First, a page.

|TO THE YOUTH OF OKLAHOMA, WHOSE BETTERMENT IS|
THE INSPIRATION OF THIS STORY, AND UPON
WHOM MUST SOON DEVOLVE THE DUTIES
AND RESPONSIBILITIES OF ITS CITI-
ZENSHIP, THIS VOLUME IS
|The purpose of this volume is to place before the student an accurate story of Oklahoma’s development, told in simple language. “History is a record of the past.” The history of Oklahoma is a record that should bring a feeling of pride to the bosom of every citizen. It is a story we should know. We love best when we know what we love and why. It is our hope that when the story of Oklahoma is told to her citizens, the blood may mount to the cheek, the heart throb more quickly, the eye flash with patriotic fire and love. There is no surer way to bring this about than to teach the youth the magnificent history of our new state. If this little book accomplishes no more, its mission will have been fulfilled and the authors satisfied.|
Oklahoma City, 1908.
|In submitting a revised edition of the History of Oklahoma, the general plan of the work has been retained, while many changes have been made in detail. Subsequent research has made possible many improvements in the way of accuracy and completeness. Although some new matter has been included, the total amount of text has been materially condensed.|
The helpful criticisms of many teachers and other interested persons have resulted in numerous minor changes and additions which will aid both teacher and pupil in getting the most out of the subject. The pronunciation of difficult proper names as indicated diacritically in the text.
|The authors desire to thank many friends, not only in Oklahoma but also in other states, for most helpful assistance and co-operation. Without such help some of the data and material for the book would have been difficult, if not impossible, to secure. Especially helpful has been the ready co-operation offered by the officials in charge of the Kansas State Historical Society, of Topeka, the Missouri Historical Society, of St. Louis, the Oklahoma Historical Society, of Oklahoma City, and the Bureau of American Ethnology, of Washington, D. C. The publications of the Texas Historical Society have been of material assistance as have the writings of the late W. J. Weaver, of Ft. Smith. Dr. Emmet Starr, of the Northeastern State Normal School, has not only placed his splendid collections at the disposal of the writers, but has also kindly read the proofs. It would be a pleasure to mention by name all who have contributed to the interest and completeness of the work were it not that the enumeration of so many names would scarcely convey the distinction which is deserved. Their kindness is appreciated, and it is hoped that their helpfulness has been justified by the work of the authors.|
|On account of the demand for condensation, but little supplemental matter has been included in this edition. An unabridged teachers’ edition, with copious supplemental notes and numerous illustrations will not only enable the teacher to gain a much more comprehensive grasp of the subject but will also make possible considerable variation in class-room work.|
The suggestive questions presented at the end of the text for each period are not all that should be asked. Others equally as pertinent will suggest themselves to the mind of the teacher.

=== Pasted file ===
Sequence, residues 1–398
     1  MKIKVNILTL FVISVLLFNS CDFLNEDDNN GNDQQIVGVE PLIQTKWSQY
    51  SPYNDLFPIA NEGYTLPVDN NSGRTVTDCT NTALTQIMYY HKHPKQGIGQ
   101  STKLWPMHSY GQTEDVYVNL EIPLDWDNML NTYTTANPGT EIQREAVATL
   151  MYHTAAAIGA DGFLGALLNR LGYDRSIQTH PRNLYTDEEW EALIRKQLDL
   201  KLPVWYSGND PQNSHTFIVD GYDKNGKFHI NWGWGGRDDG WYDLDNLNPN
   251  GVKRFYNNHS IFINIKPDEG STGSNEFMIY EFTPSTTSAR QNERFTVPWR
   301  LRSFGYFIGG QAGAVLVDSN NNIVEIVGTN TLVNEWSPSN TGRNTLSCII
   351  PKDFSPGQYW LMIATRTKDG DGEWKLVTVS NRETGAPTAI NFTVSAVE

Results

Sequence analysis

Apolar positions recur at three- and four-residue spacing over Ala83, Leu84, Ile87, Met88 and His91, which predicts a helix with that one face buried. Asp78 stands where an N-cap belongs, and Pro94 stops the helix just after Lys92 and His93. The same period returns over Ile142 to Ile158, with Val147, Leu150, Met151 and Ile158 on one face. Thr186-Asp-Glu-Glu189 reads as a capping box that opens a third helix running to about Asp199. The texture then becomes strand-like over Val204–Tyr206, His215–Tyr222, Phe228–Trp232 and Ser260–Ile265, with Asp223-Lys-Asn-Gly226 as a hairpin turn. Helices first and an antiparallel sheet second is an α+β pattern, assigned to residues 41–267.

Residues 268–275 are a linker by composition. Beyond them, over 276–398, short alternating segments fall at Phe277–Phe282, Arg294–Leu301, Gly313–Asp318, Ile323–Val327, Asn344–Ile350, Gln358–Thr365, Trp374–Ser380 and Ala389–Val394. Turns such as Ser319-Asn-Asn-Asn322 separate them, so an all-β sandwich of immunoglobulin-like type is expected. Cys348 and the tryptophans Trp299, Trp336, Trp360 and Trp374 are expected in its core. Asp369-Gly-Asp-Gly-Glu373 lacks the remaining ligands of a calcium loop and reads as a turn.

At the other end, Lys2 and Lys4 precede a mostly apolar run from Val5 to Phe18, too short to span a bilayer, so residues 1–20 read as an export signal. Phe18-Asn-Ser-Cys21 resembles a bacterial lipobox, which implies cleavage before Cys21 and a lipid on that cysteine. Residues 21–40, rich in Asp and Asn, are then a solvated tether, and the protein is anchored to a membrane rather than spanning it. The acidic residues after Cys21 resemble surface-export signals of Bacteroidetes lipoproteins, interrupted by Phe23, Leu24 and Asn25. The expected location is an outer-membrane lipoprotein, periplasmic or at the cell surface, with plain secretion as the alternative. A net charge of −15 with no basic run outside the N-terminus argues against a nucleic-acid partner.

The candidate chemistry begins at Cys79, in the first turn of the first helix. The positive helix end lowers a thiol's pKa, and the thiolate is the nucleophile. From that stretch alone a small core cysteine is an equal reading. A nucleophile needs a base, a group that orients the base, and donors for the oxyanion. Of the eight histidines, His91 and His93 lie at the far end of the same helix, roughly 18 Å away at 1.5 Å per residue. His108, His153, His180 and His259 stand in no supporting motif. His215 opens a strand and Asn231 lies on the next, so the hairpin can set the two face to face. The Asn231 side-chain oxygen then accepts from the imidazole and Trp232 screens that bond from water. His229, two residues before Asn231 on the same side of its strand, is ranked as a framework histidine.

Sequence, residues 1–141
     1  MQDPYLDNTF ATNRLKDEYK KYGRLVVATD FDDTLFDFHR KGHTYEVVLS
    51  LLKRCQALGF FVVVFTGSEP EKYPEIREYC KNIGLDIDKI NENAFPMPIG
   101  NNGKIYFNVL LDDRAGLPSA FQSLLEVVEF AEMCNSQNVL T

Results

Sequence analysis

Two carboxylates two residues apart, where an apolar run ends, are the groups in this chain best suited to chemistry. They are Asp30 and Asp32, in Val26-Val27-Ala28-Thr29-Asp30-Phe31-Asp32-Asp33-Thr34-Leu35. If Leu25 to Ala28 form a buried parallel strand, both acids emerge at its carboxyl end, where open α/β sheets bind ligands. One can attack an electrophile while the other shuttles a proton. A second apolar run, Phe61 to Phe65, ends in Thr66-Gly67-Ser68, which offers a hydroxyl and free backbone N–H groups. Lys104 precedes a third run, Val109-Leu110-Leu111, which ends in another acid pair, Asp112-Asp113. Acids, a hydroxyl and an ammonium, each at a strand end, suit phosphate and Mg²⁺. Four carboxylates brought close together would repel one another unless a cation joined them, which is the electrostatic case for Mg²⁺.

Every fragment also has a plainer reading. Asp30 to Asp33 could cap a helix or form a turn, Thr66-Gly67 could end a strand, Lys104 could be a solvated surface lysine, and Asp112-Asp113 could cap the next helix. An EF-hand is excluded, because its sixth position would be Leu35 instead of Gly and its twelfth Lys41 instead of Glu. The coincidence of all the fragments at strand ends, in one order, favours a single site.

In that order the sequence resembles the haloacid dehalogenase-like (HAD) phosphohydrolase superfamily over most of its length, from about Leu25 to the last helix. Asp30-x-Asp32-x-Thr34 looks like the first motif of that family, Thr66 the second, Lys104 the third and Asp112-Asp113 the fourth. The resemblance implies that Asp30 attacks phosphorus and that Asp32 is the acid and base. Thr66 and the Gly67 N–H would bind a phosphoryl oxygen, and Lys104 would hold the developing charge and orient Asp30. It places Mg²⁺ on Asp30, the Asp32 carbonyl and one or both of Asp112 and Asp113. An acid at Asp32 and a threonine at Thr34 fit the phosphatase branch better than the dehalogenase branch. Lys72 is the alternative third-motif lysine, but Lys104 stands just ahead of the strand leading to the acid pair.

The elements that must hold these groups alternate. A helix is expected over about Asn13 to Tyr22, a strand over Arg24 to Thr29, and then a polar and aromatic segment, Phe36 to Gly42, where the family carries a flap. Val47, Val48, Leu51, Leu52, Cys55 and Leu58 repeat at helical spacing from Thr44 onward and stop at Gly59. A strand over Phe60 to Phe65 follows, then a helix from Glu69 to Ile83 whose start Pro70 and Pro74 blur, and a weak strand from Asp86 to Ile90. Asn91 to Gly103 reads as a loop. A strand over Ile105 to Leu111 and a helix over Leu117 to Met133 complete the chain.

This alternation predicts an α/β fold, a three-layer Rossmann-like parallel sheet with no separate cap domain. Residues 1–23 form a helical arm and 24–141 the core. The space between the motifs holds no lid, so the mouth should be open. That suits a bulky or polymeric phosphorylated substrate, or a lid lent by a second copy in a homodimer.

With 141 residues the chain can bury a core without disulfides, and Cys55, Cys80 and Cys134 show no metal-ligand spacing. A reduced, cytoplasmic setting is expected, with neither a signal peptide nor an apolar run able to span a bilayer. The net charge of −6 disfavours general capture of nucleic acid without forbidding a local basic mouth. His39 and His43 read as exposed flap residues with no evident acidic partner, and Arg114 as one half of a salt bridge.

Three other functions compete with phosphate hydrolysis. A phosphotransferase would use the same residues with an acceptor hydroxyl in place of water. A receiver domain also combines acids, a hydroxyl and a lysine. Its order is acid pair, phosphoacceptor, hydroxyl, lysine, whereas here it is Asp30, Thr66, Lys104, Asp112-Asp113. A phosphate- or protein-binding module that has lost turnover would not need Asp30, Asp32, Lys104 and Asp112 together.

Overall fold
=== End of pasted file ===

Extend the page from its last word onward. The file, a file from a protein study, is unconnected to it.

In many communities teachers will find it possible to quicken the interest of their pupils in the study of history by inducing them to undertake to do some first-hand research work in the way of gathering data concerning the local history of the town or neighborhood, its earliest settlers, development of its institutions, and other matters of like interest.
|LAND OF MY DREAMING|
|—GEORGE RTLEY HALL|
|History of Oklahoma|
|Unlike many of the older states of the American Union, the history of Oklahoma does not begin with the planting of a single colony. No invading conqueror ever swept across its borders, yet Oklahoma is a land of many peoples. Although the greater part of its history has been made within the last fifty years, it has much history in common with that of other states. Within its limits live the remnants or descendants of not less than fifty different tribes and nations of Indians, the former homes of whose people were scattered over not less than thirty different states. Likewise, practically every state in the Union is represented by the white people who settled in Oklahoma.|
The people of Oklahoma trace descent from the Puritans of New England, from the Cavaliers of Virginia, from the Dutch Patroons of the Hudson Valley, from the French Huguenots of the Carolinas, from the Scotch-Irish of the Appalachian Highlands and from numerous tribes of American Indians.
The history of Oklahoma is remarkable in many ways. In the short space of a third of a century the savage huntsman gwe place to the herdsman. He in turn retired before the husbandman, and a mighty state has been founded and builded in what had been a wilderness.
The Indian has played a pathetic part in the earlier history of nearly every state of the American Union, but in Oklahoma alone has his race played an important part in the building of a state. In Oklahoma, the Indian appears not only in the earlier history of the state, but remains to bear his part in its present and future history.
The history of Oklahoma is unlike that of any other state. The real building of the state covered a period of less than twenty years, yet those years were full of achievement. As her past has been filled with achievement and as her present is laden with opportunity, so must the future of Oklahoma be a challenge to all to rise to the possibilities that await honest effort. Those who carefully study the story of Oklahoma will gain, not only a knowledge of its origin and history and of the development of its institutions, but a measure of that intelligence and true devotion which are at once the inspiration and power of an ideal citizenship.